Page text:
What Will YOU Do to End Inequality?

28 US States with Anti-LGBT Bills in 2015
28 US States with Anti-LGBT Bills in March 2015

Anti-LGBT Bills Introduced in 28 States

The wave of anti-LGBT bills filed across the country continues to swell. As of today, lawmakers have introduced more than 85 anti-LGBT bills in 28 state legislatures.

Some state legislative sessions have already drawn to a close, but other state legislatures will be in session for several more weeks or even months.  So far this year 34 anti-LGBT bills in nine states have been defeated or failed to meet key legislative deadlines, but two have passed — one in Arkansas and one in Indiana.

Among the recently introduced anti-LGBT legislation is a pair of bills in Nevada that would allow individuals and businesses to use religion to challenge or opt out of laws, including laws that protect LGBT people from discrimination in employment, housing and public accommodations.  Similar legislation was also recently introduced in Montana and is still pending in Arkansas, Georgia, Missouri, Texas and elsewhere.

Bills that would allow adoption agencies to use religion to discriminate against eligible parents and guardians have been newly introduced in Alabama and Florida. These new bills are similar to a series of bills moving through the Michigan legislature.

Even in states with long traditions of support for equality, anti-equality lawmakers are introducing anti-LGBT bills.  Massachusetts, for example, is the latest state with a bill that would criminalize transgender people for using appropriate restrooms.  Anti-transgender “bathroom surveillance” bills have are now pending in Florida, Texas and a handful of other states.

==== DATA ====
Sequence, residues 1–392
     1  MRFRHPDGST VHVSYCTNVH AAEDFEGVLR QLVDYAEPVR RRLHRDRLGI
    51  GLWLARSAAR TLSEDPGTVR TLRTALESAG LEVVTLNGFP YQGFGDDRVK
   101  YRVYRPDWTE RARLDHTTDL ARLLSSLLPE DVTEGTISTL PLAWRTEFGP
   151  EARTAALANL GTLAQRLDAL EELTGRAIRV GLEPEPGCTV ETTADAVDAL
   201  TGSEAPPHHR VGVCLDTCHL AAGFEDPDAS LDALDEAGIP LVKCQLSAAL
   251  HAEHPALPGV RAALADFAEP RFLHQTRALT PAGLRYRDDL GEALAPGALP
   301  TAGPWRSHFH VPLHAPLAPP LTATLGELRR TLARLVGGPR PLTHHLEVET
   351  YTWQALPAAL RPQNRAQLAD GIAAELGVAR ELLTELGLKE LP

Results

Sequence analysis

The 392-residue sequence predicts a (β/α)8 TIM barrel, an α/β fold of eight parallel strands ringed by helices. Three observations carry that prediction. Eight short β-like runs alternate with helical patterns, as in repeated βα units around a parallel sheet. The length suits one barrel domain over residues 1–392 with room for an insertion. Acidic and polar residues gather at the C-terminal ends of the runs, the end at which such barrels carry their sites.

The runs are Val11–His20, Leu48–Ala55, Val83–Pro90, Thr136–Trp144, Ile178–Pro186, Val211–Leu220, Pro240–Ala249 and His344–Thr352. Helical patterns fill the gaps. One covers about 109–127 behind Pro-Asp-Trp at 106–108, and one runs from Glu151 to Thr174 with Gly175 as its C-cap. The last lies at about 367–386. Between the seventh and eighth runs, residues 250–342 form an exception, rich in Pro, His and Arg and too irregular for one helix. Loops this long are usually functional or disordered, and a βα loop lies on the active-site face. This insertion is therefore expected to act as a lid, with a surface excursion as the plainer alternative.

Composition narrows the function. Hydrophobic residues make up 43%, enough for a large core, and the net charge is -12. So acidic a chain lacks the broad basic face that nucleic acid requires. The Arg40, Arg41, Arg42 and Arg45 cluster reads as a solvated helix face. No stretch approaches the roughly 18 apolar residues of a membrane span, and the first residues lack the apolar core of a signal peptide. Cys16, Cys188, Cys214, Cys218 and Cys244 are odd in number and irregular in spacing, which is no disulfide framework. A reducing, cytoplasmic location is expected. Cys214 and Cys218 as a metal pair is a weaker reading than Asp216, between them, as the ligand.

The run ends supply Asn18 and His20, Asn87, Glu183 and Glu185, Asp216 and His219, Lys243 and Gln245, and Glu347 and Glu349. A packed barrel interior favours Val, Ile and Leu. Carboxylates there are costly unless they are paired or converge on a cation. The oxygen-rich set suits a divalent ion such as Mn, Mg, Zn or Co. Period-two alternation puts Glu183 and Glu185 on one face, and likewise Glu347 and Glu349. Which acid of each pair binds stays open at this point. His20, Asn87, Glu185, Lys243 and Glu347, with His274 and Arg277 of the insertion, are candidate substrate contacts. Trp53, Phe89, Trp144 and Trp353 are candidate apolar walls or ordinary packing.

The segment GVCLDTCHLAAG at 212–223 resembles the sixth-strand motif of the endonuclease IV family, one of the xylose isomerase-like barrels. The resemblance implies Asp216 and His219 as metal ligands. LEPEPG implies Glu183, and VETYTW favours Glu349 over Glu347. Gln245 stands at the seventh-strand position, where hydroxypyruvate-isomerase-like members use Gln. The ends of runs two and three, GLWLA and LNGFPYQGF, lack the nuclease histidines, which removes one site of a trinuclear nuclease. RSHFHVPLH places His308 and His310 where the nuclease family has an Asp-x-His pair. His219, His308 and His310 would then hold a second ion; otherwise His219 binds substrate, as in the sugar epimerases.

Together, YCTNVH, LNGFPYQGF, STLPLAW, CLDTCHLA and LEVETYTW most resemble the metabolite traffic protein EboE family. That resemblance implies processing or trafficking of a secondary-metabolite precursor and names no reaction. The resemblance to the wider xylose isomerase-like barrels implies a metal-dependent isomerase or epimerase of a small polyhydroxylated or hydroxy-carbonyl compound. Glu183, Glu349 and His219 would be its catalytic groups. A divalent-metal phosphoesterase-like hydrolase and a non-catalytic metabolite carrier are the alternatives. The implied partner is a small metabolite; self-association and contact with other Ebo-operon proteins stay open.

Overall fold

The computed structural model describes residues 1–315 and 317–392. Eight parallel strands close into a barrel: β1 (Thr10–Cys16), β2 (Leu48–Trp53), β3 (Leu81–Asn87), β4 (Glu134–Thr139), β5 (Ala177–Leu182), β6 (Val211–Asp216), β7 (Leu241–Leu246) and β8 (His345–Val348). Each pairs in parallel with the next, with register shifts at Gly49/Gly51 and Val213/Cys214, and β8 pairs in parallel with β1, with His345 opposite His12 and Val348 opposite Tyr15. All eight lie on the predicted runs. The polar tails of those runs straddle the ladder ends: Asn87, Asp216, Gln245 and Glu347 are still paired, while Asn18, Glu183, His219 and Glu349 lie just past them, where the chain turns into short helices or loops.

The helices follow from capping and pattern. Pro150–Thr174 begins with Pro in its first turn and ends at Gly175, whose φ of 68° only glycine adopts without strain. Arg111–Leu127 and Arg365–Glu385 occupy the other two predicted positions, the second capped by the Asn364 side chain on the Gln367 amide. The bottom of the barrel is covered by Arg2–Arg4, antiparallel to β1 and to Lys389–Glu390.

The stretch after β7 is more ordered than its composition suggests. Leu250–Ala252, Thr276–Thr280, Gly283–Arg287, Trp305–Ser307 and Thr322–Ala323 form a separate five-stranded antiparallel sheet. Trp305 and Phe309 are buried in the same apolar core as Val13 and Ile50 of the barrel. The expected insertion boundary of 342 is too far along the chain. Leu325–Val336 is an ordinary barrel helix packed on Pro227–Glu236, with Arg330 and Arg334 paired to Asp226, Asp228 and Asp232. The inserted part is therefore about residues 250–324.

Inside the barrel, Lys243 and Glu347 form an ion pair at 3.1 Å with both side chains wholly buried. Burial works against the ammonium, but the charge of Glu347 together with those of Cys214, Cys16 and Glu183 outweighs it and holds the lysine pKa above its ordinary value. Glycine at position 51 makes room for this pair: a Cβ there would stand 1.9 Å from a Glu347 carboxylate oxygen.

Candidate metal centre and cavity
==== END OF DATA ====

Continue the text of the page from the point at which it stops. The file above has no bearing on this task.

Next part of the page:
For more: http://www.hrc.org/blog/entry/anti-lgbt-bills-introduced-in-28-states

http://dayofsilence.org
http://dayofsilence.org

About GLSENs Day of Silence

GLSENs Day of Silence is a national day of action in which students across the country vow to take a form of silence to call attention to the silencing effect of anti-LGBT bullying and harassment in schools.

History
Founded in 1996, the Day of Silence has become the largest single student-led action towards creating safer schools for all, regardless of sexual orientation, gender identity or gender expression. From the first-ever Day of Silence at the University of Virginia in 1996, to the organizing efforts in over 8,000 middle schools, high schools, colleges and universities across the country in 2008, its textured history reflects its diversity in both numbers and reach.

Organizing for Day of Silence
Organizing a Day of Silence (DOS) activity or event can be a positive tool for change-both personally and community-wide. By taking a vow of silence, you’re making a powerful statement about the important issue of anti-LGBT bullying, and when you organize others to join you that message becomes stronger. Discover ways of organizing your event here.